Nelson Environmental - Lagoon Aeration - Nitrification - Wastewater Treatment - Canada - United States

Project Information

Project Name: Buffalo Airport Deicing Fluid Treatment System

Location: Buffalo Niagara International Airport, New York (United States)

Project Type: Airport Deicing Fluid

Completion Date: June 2008

Treatment Objectives

  • Flow capacity increase 4500 m3/day (1.2 MGD)
  • Maximum daily loading: 4500 kg/day BOD5 (10,000 lbs/day)
  • Effluent Quality: 30mg/L BOD5

Buffalo Airport Deicing Fluid Treatment System

Buffalo Airport Deicing Fluid Treatment System

Project Background/Challenges

As per regulatory requirements, the collection, containment and treatment of waste de-icing fluid are the responsibility of Airport management not individual carriers. In an article published in airport Improvement Magazine (July-August 2009), it was noted that Buffalo Niagara International Airport (BNIA) spent in excess of $13 million dollars over four years in an attempt to meet regulatory discharge requirements .Despite the substantial investment, the airport was not able to meet its obligations and "continued to exceed allowable levels".

Faced with mounting operational costs and discharge limit violations, BNIA was quick to recognize the need for a cost effective solution. The challenge was to develop a management plan that incorporated either off-site or on-site treatment to handle the seasonal variation in flow and BOD concentration.

If an on-site treatment system was to be constructed, it could not pose a risk to travelers' safety by drastically changing the environment in and around the airport. This meant excluding alternatives such as lagoons or open tanks which have the potential for attracting birds and other wildlife.

NEI's Solution

Nelson Environmental Inc. (NEI), in collaboration with Urban Engineers, and Stantec designed a novel robust on-site treatment system that proved very cost effective in initial capital and O&M. The system can handle the high flush flow, low propylene glycol concentration of spring. During winter operations, the system is capable of handling the low flow high polypropylene concentration.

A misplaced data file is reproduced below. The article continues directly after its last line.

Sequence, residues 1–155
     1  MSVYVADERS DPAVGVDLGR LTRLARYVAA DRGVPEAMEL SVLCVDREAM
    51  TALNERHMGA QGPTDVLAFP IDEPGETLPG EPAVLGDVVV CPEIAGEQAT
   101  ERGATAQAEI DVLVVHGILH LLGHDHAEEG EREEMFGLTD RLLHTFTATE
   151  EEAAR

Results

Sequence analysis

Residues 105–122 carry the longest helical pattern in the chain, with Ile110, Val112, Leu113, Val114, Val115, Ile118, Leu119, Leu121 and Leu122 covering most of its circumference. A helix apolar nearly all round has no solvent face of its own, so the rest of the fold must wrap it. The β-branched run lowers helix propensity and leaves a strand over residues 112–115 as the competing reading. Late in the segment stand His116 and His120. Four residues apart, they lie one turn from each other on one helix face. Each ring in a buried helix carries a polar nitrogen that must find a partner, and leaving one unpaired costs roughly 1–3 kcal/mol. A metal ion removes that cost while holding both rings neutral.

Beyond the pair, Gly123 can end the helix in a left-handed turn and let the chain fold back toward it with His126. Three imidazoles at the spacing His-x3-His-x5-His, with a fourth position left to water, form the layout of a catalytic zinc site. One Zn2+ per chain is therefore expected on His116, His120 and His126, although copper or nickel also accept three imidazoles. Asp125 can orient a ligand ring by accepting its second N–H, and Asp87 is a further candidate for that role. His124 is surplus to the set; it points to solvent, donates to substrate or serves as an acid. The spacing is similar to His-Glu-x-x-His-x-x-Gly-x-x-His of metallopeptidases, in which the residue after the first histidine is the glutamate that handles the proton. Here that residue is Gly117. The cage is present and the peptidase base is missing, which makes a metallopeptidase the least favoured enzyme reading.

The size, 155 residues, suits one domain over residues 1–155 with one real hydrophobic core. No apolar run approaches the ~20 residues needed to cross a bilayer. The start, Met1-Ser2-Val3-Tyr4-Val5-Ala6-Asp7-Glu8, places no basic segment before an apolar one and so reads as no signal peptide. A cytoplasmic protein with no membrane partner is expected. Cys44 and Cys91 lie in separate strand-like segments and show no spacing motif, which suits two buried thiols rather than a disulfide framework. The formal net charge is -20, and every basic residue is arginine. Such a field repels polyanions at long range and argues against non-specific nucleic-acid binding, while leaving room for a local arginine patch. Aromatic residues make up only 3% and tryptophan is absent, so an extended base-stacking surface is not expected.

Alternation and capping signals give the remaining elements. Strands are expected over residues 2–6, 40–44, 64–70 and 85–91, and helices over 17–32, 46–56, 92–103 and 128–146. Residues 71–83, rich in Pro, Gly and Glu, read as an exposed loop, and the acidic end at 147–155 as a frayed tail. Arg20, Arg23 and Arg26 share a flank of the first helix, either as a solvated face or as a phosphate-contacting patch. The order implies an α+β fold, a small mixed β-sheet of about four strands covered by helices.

As an added advantage, the system was integrated with the stormwater management system to produce an effluent quality surpassing regulatory requirements on a year round basis.

The system comprises of vertical flow aerated gravel bed, a variation of Nelson Environmental's SAGR® (Submerged Attached Growth Reactor). Underground storage tanks are used to store and equalize flow prior to feeding the SAGR® process. Grit removal chambers between the equalization tanks and the SAGR® process remove particulate matter that could otherwise adversely affect process pumps and SAGR® hydraulics.

The gravel bed provides required surface area for BOD reducing hetetrophic bacteria to attach and grow. Air was introduced through NEI's FBA® LINEAR aeration system provides a minimum of 2 mg/L disolved oxygen throughout the bed. The design and operation of the system is loading dependent as opposed to hydraulically limited. As a result, the process can handle a high flow at low BOD concentration (up to 1.2 MGD); a condition typically seen during spring thaw and summer operation or treat high influent BOD5 (>1000 mg/L) at low throughput to an effluent quality 30 mg/L BOD5.

The bed is sized to ensure a balance between biomass accumulation and degradation. As a result, chances of long term fouling that would result in diminished hydraulic conductivity are minimized. Performance data of the vertical flow SAGR® is as seen in figure 2 below. The system is as seen in Figure1 below.

The data plotted in figure 2 shows performance of the BNIA treatment system over the course of approximately six (6) months. The loading to the system is highest during the coldest of the winter months (i.e. December – March), which is to be expected. Of interest though is the fact that loading during the remaining months is fairly low. Despite fact that bacteria are essentially starved for a better part of year, a vibrant and active biomass is maintained within the system to treat peak loading to 95%+ removal. The extent of biomass reduction in the summer is due to insufficient food supply and predation.

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  • SAGR Bed Operating in April 2012